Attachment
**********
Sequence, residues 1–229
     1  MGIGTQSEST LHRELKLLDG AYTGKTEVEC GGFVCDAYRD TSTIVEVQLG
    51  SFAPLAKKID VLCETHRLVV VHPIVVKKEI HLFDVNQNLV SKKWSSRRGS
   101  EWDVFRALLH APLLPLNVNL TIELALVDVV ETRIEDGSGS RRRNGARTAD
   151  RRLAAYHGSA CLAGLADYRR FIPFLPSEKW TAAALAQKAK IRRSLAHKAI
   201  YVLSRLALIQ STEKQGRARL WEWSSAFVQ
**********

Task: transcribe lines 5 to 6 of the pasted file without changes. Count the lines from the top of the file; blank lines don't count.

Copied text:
   151  RRLAAYHGSA CLAGLADYRR FIPFLPSEKW TAAALAQKAK IRRSLAHKAI
   201  YVLSRLALIQ STEKQGRARL WEWSSAFVQ